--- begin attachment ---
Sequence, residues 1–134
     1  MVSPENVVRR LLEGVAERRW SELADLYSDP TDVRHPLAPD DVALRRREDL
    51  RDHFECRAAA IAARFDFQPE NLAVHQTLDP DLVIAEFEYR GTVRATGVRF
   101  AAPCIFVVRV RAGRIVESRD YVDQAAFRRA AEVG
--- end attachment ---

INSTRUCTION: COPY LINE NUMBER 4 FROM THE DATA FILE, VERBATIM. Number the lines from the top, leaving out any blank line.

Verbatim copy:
   101  AAPCIFVVRV RAGRIVESRD YVDQAAFRRA AEVG